Thursday, October 29, 2020

Lanhydrock in Cornwall, England

 


How would you like to come with us to one of the special Victorian country homes in Cornwall, England?  We visited this most special place when we were in Great Britain for our 50th anniversary three years ago.  Make sure you have on your walking shoes as this is an enormous property!  The estate takes up 900 acres with miles of footpaths and beautiful woodlands.  If you wish to bring along a picnic this area would be great.


The beautiful parkland that surrounds this property is spectacular on this lovely Autumn afternoon.  We are told that the property is managed organically so the area is a haven for wildlife and a great variety of  wildflowers.



After we walk through the Gatehouse we will continue up the path to the home that once belonged to Thomas Charles, 2nd Lord Robartes, his wife Mary and their ten children.  In 1881 there was a fire that ruined Lanhydrock where his mother Juliana perished.  He inherited the home on the death of his father and had the home rebuilt for his family.


You can see Juliana's portrait in the home as we tour.



And what an enormous home it is!  Let's all go inside and have a look about.  


Notice the lovely woodwork as we walk about the home and the interesting plaster work on the ceilings.


There are over 50 rooms to view here, so we will look at a few of them before taking a look at the property. 





The dining room is set for us to enjoy a meal if you didn't bring your picnic.  Notice the lovely woodwork if you can take your eyes off of the table.


This display is so beautiful with the different flower patterns on the china.





Be sure to read this meaningful ancient prayer that is framed.



Take a look out the windows as you pass by. The views are amazing!

I'm always interested by the kitchens in these large estates.  Of course the staff that ran these homes was huge.  Take a look around with me and imagine all the wonderful meals that were produced here by these hard working men and women.






Are you thinking of Downton Abbey like I am?  Mrs. Patmore would surely be hard at work here.  








There are many rooms to see here, so let's take a look further around.







Remember that the family had ten children.  Their rooms are charming and full of great toys.







There is so much to see here, but we must take a look around the property.  Look out the leaded window!


The gardens were designed by George Truefitt in 1854.  Juliana Agar-Robartes and her head gardener Joseph Bray planned the plants for the extraordinary setting.  The gardens remain the same except for gravel paths dividing the flower beds instead of grass.


 

The 7th Viscount Clifden, Gerald, loved gardening and added camellias, rhododendrons, and Himalayan magnolias to the gardens.  I can just imagine how lovely it would all be in bloom in spring!


The 167 year old Irish Yews that surround the garden and home are expertly maintained. The 29 yews are pruned in July and August.  It takes two weeks to complete the task.  They are fed liquid seaweed fertilizer every 6 to 8 weeks starting in May.  These yews have played a part in the medical world.  Up until recently their bark was sent away to help with cancer research.  The active molecules in the bark improves cell stability. 





St Hydroc has been the patron saint of Lanhydrock's church since a visit in 1478 by William Worcester to the Bodmin priory of St Petroc's. Built in the mid 15th century the church may have incorporated an earlier small church or chapel.  It was remodeled during the 1620's when John Robartes extended Lanhydrock house. The Robartes family crypt lies beneath the old family pews situated to the east end of the south side (nearest the house).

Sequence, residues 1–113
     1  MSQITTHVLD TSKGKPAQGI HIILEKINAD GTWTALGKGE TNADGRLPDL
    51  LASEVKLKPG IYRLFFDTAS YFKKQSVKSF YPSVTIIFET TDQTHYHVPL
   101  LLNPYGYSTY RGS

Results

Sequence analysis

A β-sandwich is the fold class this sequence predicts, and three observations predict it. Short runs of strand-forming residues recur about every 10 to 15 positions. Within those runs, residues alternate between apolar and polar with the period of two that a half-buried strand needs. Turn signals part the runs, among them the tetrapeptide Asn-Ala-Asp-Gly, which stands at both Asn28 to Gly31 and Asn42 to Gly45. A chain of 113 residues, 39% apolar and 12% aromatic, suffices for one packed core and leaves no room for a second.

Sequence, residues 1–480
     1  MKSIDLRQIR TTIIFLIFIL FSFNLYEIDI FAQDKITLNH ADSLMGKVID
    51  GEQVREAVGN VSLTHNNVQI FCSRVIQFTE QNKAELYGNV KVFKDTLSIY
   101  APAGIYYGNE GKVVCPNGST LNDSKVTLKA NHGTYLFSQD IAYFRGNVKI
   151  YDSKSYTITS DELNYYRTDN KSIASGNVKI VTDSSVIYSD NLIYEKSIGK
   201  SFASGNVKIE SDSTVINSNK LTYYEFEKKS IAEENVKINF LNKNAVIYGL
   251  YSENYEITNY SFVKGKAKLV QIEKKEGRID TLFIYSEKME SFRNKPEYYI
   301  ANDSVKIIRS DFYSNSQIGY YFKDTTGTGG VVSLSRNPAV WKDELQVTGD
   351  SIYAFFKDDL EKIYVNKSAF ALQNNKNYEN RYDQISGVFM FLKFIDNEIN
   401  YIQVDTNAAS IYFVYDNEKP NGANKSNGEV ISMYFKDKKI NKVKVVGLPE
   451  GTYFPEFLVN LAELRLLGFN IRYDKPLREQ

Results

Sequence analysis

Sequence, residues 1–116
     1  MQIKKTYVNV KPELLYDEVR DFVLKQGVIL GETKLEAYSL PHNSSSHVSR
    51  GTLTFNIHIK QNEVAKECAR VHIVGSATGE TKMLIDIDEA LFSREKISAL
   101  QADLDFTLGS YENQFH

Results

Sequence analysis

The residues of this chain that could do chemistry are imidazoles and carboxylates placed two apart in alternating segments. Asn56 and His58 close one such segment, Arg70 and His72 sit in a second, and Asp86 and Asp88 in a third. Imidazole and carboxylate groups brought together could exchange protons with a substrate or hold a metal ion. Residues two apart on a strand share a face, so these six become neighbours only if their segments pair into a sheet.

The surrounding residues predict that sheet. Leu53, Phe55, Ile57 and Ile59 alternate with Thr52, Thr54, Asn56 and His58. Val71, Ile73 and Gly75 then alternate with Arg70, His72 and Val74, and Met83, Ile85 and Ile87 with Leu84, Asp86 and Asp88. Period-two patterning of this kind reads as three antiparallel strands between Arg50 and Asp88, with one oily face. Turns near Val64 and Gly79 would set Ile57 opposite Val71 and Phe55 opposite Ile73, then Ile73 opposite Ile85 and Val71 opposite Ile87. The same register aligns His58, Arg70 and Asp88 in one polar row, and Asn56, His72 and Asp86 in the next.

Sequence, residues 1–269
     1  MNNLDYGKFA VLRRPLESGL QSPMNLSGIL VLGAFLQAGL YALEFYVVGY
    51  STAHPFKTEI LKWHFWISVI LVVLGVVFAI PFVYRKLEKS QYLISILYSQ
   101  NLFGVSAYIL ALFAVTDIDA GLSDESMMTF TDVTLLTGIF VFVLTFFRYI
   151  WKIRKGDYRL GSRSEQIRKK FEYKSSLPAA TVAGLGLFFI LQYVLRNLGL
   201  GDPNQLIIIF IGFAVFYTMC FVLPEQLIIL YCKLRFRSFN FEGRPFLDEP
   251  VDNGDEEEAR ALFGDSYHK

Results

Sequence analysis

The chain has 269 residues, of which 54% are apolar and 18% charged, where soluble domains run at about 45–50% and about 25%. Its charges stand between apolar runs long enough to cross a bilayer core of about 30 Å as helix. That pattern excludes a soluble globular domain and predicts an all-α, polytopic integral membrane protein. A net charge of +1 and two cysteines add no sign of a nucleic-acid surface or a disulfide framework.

Lanhydrock is maintained by the National Trust and continues to be one of its most visited sites.  I can certainly see why.  I do hope you enjoyed touring this special place with Grayden and I.  We enjoyed reliving it with you!  










 





 


39 comments:

  1. Thank you so much for sharing these places you visited Martha Ellen, many of which I hadn't heard of. I will have a long list thanks to you for when we go back again one day. Hope all is well with you and your family.

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    1. Denise, the National Trust has a special place in our hearts. We love visiting their properties that have been so expertly taken care of. It's nice to join the Royal Oak and you can enter all of their places without having to pay separate entry fees.
      We are well and I hope you and your family are as well. Thank you for stopping by.

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    2. That is such a good tip about the Royal Oak, and I will definitely keep it in mind. Thanks again my friend and enjoy the rest of your week :)

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  2. Thank you for taking us away with you. The National Trust is such a treasure. Hope all is well in your neck of the woods.

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    1. So glad you came along, Ellen. Yes, the National Trust is a treasure! We are doing well and I hope you are.

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  3. Such a wonderful tour you are sharing. So special for your wedding anniversary. I loved seeing the house and gardens. So much to take in. it must have been spectacular to see in person. Thank you for taking us along.

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    1. Linda, we had an amazing adventure celebrating our 50th! Thank you for sharing it with us.

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  4. I love it when you show us these amazing places and the gardens and interiors. I always wonder if the people that lived there appreciated it and were happy. We're here at the coast for a few more days then home to normal. ((hugs)), Teresa :-)

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    1. Teresa, I would hope that the family that lived in Lanhydrock appreciated their surroundings and hopefully were happy. Have a great time on the coast.

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  5. Martha Ellen, this house is beautiful through and through! The wood panelings are gorgeous, and I am intrigued with the children's rooms and toys. The house must have been full of life with ten children in it. Thank you for always introducing us to new and interesting places!

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    1. Cheryl, there was so much to see and do at Lanhydrock. We didn't want to leave this bucolic setting. I like thinking of the children that lived and played there. As you say, "the house must have been full of life with ten children." It's fun sharing our adventures with you! Thank you.